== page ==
When a dog is in its pooping position, it is a very vulnerable moment for the animal. For a pack living out in the wild, exposing themselves in such a manner is a very danger situation to be in. Any number of predators could launch an attack against the dog while its attention is diverted. Therefore, a wild dog would maintain, eye contact with their packmates during this vulnerable position in order to mitigate potential disaster. In this case, that pack mate is you!

As with the majority of typical dog behavior, these habits are hard-wired into the animal's psyche, and those traits have made the transition to domesticated animals. So when you let your fuzzy pal out the backdoor for a bathroom break and they begin to stare straight through you, remember that it is for their own safety. As the dog parent, they are looking to you to watch their back and ensure nothing attacks or hurts them during their moment of extreme vulnerability.

To paraphrase Dr. Kathryn Primm, noted veterinarian and author, potty time is a dog's most vulnerable moment. That's why extra vulnerable behavior is perfectly par for the course during your faithful friend's bathroom breaks. Don't be creeped out when pooch maintains eye contact with you while they are doing their business. Our advice? Take it as a compliment!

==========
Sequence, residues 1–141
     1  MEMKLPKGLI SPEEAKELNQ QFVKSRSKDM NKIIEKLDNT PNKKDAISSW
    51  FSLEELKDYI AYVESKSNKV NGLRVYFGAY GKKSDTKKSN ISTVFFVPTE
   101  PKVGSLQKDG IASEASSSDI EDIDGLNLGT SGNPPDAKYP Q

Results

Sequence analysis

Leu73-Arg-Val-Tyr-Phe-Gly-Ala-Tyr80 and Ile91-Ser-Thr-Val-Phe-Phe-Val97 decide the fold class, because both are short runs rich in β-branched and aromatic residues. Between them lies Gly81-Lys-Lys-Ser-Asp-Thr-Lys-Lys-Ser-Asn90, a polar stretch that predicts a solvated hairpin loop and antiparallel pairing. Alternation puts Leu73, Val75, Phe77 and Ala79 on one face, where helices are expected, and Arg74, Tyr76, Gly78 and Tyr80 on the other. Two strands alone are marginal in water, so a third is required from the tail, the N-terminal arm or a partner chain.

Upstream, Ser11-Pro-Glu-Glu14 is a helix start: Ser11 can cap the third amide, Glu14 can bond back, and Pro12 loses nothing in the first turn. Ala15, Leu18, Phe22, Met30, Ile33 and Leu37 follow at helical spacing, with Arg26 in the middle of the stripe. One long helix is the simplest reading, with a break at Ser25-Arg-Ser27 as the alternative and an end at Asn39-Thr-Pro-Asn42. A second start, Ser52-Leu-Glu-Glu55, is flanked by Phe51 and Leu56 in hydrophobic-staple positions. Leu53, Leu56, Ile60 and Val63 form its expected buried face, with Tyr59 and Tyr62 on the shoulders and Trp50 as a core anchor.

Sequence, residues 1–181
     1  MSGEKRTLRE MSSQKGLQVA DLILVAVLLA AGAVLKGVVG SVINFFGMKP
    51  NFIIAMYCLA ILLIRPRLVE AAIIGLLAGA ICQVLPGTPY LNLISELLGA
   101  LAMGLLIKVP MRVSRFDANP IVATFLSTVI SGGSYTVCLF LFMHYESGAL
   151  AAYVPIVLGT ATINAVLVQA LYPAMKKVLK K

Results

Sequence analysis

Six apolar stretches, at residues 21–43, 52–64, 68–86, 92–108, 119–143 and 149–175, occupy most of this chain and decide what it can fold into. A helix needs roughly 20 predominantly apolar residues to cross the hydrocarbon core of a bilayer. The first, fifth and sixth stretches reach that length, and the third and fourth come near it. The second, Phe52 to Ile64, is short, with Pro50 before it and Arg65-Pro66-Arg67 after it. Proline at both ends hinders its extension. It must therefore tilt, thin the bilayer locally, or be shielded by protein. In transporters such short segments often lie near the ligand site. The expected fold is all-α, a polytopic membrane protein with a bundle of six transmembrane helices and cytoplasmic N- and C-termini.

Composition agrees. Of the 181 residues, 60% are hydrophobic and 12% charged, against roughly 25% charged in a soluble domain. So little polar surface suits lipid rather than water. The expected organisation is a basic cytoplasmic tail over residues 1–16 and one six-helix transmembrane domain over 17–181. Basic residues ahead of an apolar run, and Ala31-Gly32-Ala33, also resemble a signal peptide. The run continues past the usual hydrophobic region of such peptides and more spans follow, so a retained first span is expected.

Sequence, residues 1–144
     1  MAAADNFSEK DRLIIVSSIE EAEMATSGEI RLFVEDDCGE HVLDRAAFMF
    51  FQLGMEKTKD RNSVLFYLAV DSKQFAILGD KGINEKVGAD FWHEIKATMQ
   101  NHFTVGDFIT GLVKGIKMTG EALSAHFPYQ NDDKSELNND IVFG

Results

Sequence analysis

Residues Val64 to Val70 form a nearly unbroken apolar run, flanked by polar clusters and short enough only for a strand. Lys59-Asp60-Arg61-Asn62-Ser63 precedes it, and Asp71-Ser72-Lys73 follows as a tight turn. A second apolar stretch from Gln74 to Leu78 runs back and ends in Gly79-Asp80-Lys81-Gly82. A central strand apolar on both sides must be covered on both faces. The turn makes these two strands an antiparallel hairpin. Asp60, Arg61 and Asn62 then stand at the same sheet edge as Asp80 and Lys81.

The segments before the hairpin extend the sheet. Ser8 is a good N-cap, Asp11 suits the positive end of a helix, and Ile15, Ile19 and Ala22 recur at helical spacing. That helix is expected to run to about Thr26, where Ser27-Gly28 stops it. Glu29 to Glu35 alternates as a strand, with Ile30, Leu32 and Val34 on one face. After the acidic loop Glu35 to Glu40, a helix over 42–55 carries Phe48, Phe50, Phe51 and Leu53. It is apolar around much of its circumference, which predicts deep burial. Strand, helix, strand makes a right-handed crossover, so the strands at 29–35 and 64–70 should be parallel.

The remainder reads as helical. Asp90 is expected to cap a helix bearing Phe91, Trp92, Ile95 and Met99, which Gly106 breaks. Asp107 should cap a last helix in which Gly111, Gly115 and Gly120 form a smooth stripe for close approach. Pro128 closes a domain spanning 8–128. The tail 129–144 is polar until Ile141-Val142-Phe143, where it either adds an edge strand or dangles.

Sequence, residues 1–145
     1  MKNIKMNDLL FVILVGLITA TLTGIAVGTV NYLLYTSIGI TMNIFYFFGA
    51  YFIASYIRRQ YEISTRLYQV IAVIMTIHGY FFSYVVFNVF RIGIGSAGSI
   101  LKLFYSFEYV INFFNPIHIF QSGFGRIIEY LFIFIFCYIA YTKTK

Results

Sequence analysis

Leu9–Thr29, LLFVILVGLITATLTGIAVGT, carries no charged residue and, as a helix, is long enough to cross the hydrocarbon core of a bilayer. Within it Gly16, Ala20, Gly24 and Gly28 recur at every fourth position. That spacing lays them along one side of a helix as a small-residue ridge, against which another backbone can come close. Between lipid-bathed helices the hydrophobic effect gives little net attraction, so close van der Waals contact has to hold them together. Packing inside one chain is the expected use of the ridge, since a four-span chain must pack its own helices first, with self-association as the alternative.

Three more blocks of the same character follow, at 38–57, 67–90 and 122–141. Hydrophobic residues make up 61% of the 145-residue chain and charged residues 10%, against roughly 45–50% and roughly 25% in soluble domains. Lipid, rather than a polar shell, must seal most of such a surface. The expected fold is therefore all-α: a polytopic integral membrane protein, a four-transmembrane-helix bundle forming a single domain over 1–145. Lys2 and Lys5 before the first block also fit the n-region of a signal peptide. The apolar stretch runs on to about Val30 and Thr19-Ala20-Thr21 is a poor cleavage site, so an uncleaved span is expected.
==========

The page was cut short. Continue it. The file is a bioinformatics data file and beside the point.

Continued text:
Do Dogs Get Embarrassed When They Poop?

Let's take a look at the anatomy of your dog's potty session. If both your dog training and potty training efforts have been successful, your dog will eliminate outside after letting you know that they have to go. So you let your pooch out into your fenced-in backyard and wait for them to do their business.

First, they assume their pooping position. After selecting the perfect spot, watch for them to spin around and face north as noted above. If they don't, it's no big concern. And then it happens: the eye contact and stare down. Your pooch turns their head to look back at you and you see their dark, watery eyes looking sad, even embarrassed. Trust us, they're not.

Dogs don't feel shame or embarrassment over necessary, day-to-day activities like elimination. Instead, those sad, somber eyes are simply a defense mechanism that canines have developed over the years.

You want the best for your dog. For more great educational resources, as well as great products designed to help improve your pet's sense of wellbeing, please contact Animal Matter, Inc. today.

FAQs:

Do dogs like to be watched when they poop?

When in a pooping position, the dog's personal preferences matters very little. They aren't thinking about their likes or dislikes, only their safety.

What if my dog sits and stares at me while I'm on the toilet?

As long as you are ok with it, don't worry! It means that your dog trusts you, respects you, and cares about your approval. You are their pack leader!

What do dogs look at if they're outside alone while pooping?

Nature and instinct both present a harsh challenge to your pet. If they can't make direct eye contact with you, they will look toward their home, as well as periodically checking behind themselves for signs of danger.